sold out

for Spring 2020

Salix daphnoides ‘Continental Purple’

(daphnoides = daphne like)  

Violet Willow

This is a Western European selection of the Violet Willow that is a very vigorous grower with glossy, very dark red stems that stand out against yellow stemmed varieties or against yellow conifers. The handsome leaves are blue-green. It is a male clone with prolifically produced catkins that appear from large buds that are red at the base and yellow at the tip. If not coppiced this grows into a large, spreading bush. Hardy to Zone 4.

USES: great for ornamental uses in the garden, winter displays and cut flower; as the rods from coppicing are tall and pliable they are useful dried for making baskets and fresh for living structures.       

Winter stems are very dark red, almost black and very striking against snow and yellow-stemmed varieties in the nursery and a winter garden! Early March

What could be simpler or more beautiful than black and white together in the garden? Early March



Male catkins appear in late April before the leaves, start silver-gray and then brilliant golden-yellow on lovely red stems.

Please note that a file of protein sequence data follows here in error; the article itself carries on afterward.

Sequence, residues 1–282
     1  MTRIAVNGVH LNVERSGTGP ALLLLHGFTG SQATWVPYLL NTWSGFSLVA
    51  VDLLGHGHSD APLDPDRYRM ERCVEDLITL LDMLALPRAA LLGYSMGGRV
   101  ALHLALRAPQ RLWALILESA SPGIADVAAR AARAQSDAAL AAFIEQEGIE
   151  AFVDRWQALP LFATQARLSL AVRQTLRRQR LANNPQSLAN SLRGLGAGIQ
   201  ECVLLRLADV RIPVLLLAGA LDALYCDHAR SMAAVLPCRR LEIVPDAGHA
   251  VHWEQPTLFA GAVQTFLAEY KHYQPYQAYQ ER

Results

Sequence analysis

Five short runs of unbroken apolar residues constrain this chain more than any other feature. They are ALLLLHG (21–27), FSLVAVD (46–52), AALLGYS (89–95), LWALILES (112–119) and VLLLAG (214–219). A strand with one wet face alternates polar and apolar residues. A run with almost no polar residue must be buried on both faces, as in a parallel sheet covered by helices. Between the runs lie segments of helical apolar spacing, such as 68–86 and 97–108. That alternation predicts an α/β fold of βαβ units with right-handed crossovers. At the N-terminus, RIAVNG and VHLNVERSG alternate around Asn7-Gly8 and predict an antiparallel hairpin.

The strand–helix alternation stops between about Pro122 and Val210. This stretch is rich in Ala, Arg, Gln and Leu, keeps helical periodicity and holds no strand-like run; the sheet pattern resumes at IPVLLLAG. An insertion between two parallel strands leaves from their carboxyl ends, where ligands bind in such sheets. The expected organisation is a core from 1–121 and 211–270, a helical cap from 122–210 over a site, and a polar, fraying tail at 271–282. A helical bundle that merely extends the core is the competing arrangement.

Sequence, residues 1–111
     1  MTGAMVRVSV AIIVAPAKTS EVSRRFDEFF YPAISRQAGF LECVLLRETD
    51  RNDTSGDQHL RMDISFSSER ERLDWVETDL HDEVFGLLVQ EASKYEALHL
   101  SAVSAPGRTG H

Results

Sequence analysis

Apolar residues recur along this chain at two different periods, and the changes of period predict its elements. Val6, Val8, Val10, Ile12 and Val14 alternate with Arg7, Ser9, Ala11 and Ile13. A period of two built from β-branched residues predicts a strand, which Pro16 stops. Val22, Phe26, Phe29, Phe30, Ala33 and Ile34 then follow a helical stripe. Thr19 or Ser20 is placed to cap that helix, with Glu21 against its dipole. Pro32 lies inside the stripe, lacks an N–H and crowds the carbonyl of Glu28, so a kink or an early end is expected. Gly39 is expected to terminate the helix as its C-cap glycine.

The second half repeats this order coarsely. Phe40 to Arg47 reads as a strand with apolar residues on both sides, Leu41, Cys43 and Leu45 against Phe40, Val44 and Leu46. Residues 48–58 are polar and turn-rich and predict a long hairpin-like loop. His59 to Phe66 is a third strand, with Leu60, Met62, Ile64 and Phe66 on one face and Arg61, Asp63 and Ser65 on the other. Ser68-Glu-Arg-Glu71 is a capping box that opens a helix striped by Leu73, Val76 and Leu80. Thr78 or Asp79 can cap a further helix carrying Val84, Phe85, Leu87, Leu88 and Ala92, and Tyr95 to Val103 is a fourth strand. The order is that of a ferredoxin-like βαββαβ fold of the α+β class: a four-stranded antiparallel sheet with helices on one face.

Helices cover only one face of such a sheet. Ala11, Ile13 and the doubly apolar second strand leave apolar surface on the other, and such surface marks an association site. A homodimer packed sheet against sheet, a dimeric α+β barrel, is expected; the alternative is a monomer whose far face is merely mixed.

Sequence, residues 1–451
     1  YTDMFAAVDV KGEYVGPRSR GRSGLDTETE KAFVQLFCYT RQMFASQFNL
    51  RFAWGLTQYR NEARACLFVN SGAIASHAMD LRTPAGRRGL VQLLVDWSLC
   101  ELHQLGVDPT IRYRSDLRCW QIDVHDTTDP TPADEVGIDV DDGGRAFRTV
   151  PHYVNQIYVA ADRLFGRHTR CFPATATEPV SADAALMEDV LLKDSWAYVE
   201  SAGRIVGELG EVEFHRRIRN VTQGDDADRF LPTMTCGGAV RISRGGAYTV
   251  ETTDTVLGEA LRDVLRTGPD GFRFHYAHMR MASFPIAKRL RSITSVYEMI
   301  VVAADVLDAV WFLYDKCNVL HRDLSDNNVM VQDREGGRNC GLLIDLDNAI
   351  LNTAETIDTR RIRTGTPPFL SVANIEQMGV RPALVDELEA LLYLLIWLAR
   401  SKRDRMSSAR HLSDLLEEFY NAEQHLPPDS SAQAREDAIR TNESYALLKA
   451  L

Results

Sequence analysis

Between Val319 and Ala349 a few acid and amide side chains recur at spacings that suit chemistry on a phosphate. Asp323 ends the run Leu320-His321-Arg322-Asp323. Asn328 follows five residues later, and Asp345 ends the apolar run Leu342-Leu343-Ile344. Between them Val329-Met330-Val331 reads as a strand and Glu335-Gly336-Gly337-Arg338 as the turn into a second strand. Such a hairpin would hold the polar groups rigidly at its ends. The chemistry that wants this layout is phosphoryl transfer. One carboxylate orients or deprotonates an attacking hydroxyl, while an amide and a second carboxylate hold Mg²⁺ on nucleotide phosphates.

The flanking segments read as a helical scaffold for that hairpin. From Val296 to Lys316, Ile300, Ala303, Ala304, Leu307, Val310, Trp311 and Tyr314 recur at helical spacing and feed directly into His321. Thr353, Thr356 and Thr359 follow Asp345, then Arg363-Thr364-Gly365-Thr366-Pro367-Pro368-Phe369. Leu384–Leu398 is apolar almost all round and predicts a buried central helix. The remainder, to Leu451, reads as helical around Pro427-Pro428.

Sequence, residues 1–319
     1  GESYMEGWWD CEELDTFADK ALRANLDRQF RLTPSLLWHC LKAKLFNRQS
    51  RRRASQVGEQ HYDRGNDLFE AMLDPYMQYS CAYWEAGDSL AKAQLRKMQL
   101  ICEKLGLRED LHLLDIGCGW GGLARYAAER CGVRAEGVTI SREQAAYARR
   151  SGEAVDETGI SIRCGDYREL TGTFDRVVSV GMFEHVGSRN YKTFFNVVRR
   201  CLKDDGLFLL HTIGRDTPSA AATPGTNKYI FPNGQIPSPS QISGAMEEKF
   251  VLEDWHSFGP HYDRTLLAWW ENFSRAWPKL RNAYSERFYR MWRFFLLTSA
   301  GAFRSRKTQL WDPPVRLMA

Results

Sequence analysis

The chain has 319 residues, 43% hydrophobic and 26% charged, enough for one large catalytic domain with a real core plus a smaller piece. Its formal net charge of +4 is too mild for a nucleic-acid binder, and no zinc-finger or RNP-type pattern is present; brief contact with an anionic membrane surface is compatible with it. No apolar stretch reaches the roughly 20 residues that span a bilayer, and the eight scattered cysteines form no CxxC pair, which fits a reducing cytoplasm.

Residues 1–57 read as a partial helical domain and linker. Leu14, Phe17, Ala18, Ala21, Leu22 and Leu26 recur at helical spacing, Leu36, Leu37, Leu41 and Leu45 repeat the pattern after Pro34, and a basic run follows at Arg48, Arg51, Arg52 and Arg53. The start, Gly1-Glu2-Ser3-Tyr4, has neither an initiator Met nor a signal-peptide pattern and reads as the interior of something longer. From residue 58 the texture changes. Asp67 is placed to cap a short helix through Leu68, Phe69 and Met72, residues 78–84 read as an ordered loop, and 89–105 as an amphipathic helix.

Violet willow leaves are shiny rich green on the upper surface and bluish gray on the undersides. Leaf edges are serrate (finely toothed) October

Stems are green at first, bright red in late summer, near black in winter.

The diversity of willows never ceases to amaze me.

Few, if any, woody plants have the range of stem colors that have been found in willows.

Long straight stems turning brown in early Fall. Leaves stay green into November with the undersides almost white with finely matted hairs. Late September.

A flower bud with the leaf separated to expose the hairy flattened bud.

At the base of the leaf stem (petiole) there are a pair of stipules that have glands on the serrated tips and clustered at the base of each stipule (red dots). Late October.

Details of the leaf showing the venation and the serrated edges of the leaves.

On the tip of each serration is a tiny gland.

A more mature flower bud with a recurved tip. The stipule is still green. In some species stipules are quickly dehiscent (fall off), but these stay on until the leaves fall. Late October.

The underside of the leaf has a waxy coating (glaucous). Again the tips of each of the serrations have a gland at its tip. I am not sure what they are for; it's been awhile since I did plant physiology! Maybe some young whippersnapper could enlighten us!

Brilliant green new growth set against dark red stems. Wow!. Late April.


of Michael Dodge